The Māori Battalion presents us with one of the great stories of our country. The ranks of surviving veterans are thinning out quickly, and within all too few years, the last of them will have gone into that night.
When we made the documentary we knew we were dealing with a tragic and noble, but vital part of our Nation's story. We treated it seriously and aimed beyond recording the mere facts of the war of these men - to trying to capture how they felt about it. I think we achieved that.
The process of filming the doco itself was pretty complex and difficult. It was an awful lot of work, but also an awful lot of fun.
The crew and I felt humble before all that they had done when they were young men. And I asked myself ... would I have gone to fight with the Māori Battalion, if I was them, way back then? And as much as I deplore war, I'd have to say yes. And actually, that frightens me.
Maori Battalion - March To Victory was produced in 1990 to mark the 50th anniversary of the Māori Battalion and it first screened during Anzac week of that year.
This feature documentary, directed and produced by Tainui Stephens, places the Māori war effort within a context of history and a national identity that is forged in war.
When it screened, New Zealand was only two generations removed from World War Two (and one generation from Vietnam). The country was also commemorating 150 years since the signing of the Treaty of Waitangi.
The screening connected the memories of the aging soldiers to an emerging awareness amongst its audience, particularly young people, of the sacrifices made by their tupuna during the war.
The (28th) Māori Battalion was part of the 2nd New Zealand Expeditionary Force during WWII and was formed as a result of pressure on the Labour government by the Māori MPs and groups throughout the country.
This Battalion, followed in the footsteps of Te Hokowhitu-a-Tu, the Pioneer (Māori) Battalion of WWI. It was divided into companies that were organised on a tribal basis. The formation of the battalion represented the first time that so many of New Zealand's Māori tribes united as one in battle.
Another landmark was that the Māori Battalion would produce the first Māori - Moana-Nui-a-Kiwa Ngarimu (Ngāti Porou, Te Whanau-a-Apanui) - to receive the Victoria Cross, the highest award for valour conferred on members of the armed forces of the Commonwealth. This was an ironic honour in that Victoria Crosses had been awarded to British soldiers fighting against Māori in the New Zealand Wars.
Sir Apirana Ngata cited the Māori involvement in the war efforts as being the ultimate price for the privilege of New Zealand citizenship. The death toll for the Māori Battalion was high: two-thirds of the 3500 thousand Māori soldiers were injured or killed. The loss meant post-war New Zealand was robbed of the potential of nearly an entire generation of Māori men.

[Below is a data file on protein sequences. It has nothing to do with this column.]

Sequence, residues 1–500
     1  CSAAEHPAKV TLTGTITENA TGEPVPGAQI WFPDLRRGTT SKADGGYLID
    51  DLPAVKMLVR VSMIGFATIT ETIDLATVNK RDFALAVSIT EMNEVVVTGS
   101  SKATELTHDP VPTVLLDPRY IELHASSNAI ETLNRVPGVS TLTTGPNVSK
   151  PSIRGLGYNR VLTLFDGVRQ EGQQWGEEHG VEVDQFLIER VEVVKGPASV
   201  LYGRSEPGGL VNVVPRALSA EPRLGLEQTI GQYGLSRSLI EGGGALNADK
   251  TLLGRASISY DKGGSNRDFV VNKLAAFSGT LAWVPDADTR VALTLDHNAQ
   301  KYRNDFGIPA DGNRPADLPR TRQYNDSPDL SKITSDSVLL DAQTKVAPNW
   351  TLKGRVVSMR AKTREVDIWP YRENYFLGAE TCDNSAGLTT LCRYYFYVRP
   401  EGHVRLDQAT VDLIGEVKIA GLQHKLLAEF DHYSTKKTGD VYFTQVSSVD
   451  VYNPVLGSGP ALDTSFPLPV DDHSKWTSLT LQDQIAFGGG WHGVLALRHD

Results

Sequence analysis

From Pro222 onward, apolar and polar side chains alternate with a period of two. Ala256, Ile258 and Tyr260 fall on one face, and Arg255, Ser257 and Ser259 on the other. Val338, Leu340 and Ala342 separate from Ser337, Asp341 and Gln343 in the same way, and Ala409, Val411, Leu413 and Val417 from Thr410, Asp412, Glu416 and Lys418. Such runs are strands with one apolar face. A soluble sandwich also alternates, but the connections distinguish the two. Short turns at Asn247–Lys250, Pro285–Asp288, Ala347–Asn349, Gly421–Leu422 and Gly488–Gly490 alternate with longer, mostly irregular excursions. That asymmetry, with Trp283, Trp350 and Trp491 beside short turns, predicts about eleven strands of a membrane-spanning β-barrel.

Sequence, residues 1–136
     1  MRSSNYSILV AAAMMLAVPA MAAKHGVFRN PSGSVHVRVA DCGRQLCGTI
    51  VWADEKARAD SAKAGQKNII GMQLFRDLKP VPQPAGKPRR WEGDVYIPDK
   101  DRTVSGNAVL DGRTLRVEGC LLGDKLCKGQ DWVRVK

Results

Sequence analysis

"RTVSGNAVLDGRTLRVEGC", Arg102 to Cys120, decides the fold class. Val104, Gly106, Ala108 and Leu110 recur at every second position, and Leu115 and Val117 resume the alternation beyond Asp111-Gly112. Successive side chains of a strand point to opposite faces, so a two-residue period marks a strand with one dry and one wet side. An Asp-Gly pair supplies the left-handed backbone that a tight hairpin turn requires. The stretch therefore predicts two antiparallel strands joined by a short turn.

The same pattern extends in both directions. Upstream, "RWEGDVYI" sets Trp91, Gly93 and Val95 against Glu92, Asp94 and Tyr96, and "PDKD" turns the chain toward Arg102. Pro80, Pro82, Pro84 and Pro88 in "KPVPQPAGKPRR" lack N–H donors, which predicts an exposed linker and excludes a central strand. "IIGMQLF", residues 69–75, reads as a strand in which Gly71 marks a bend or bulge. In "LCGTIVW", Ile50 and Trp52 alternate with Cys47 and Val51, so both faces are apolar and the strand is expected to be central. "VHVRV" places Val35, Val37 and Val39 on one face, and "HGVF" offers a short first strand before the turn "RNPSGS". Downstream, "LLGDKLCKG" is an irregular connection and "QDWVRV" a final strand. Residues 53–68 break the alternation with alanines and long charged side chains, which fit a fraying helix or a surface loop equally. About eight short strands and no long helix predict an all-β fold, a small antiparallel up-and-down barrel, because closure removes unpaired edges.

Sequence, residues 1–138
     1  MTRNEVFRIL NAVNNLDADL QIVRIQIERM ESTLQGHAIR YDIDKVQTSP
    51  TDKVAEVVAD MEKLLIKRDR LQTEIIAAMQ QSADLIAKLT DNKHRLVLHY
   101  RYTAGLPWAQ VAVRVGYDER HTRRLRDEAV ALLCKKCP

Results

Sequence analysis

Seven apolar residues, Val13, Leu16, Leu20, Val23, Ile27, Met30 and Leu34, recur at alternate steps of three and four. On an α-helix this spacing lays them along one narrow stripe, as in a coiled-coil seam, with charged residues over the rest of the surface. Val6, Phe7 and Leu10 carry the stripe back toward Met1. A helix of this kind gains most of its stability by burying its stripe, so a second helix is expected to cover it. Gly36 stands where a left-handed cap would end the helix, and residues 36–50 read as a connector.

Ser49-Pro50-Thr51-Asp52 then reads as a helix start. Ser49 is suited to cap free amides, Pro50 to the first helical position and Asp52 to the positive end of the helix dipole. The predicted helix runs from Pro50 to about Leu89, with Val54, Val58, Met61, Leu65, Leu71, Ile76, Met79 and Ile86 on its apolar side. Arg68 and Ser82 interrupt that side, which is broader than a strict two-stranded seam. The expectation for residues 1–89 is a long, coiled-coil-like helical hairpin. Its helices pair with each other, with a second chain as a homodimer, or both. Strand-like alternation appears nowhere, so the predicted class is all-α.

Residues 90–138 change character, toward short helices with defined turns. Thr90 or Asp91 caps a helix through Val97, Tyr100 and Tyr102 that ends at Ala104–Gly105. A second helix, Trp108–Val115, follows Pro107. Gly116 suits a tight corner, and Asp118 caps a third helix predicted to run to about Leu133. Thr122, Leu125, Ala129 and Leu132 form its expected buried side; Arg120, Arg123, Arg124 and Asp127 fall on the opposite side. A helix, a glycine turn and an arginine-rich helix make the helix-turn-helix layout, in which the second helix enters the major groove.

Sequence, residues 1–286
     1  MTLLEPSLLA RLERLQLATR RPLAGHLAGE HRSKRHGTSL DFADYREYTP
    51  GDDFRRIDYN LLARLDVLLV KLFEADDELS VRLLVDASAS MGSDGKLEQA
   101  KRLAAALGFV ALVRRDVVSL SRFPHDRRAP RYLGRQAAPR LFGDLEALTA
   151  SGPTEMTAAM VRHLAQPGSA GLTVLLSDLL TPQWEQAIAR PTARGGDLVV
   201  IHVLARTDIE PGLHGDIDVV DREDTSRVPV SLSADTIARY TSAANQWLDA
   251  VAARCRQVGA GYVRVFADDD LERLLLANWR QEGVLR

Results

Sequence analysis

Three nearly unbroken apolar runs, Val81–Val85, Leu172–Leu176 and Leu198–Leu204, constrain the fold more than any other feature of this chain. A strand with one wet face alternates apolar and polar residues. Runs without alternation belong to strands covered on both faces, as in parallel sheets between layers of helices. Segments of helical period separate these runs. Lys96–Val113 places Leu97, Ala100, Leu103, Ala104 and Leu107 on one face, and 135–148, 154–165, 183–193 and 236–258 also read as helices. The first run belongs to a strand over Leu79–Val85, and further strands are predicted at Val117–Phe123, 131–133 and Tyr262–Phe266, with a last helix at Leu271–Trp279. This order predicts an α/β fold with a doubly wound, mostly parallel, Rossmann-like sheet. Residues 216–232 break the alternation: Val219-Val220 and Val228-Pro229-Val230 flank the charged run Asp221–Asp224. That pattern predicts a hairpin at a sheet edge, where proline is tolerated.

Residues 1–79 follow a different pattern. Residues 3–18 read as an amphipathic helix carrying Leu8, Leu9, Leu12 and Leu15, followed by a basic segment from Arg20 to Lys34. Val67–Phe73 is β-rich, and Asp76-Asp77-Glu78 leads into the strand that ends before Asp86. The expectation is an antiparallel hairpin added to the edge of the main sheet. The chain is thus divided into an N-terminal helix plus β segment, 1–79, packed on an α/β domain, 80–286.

The five servicemen profiled in the documentary represent the four ‘companies' (A, B, C and D) that comprised the Battalion. Ngarimu Moana, VC, who died in action, is represented by his grandniece Paula Walker. She accompanies the veterans as they recount their memories in true ‘war stories' style filled with laughter, fear, tension, wonderment, regret and tears.
Focusing on the sentiments was a self-conscious decision by Stephens "We treated it seriously and aimed beyond recording the mere facts of the war of these men - to trying to capture how they felt about it. I think we achieved that."
In Crete, Ben Porter recalls how he was shot at but survived because the German bullet went down the barrel of his own rifle. In the North African desert Bully Jackson remembers the shock and awe of war, and the loneliness he felt for the daughter who was born after he had left home. Don Stewart tells how it feels to kill; and at the Souda Bay cemetery in Crete, he weeps at the grave of his slain brother Horton.
Hemi Wiremu takes us to the small German town where he was once a prisoner of war and meets up with one of his former guards in what is now a police college. Padre Wi Huata delivers a eulogy to the Māori Battalion from Tebaga Gap in Tunisia where Moana Ngarimu fought, died, and earned the Victoria Cross. In Italy, the old soldiers share wine, food and song with the citizens who they once helped to liberate from Nazism and Fascism.
Maori Battalion - March to Victory features extensive archive footage. Images of the 1940 arrival of the Māori soldiers in England was found in European archives. It is shown for the very first time.
Other material includes Maori Battalion Returns, shot by the National Film Unit at the conclusion of the war. It features the arrival of the Dominion Monarch at Pipitea wharf and the return of these sons of the god of war to their home marae.
The documentary concludes with a moving tribute in image and song to the men of the (28th) Māori Battalion. It evokes the many and sometimes conflicting emotions that are spawned by the unbearable cost of war.
This is the coda to a story about brothers in arms: ordinary soldiers made extraordinary in the worst of times - and because of whose sacrifice we enjoy the best of times.
It was director Tainui Stephens' first production with full creative control. At the time he made this documentary he had been employed by TVNZ for five years, as a reporter, producer and director.
In 2006 Māori Television re-screened it as part of their inaugural all-day coverage of Anzac Day. Stephens was co-executive producer for that television event which won the 2007 Air NZ Screen award for Best Event Broadcast.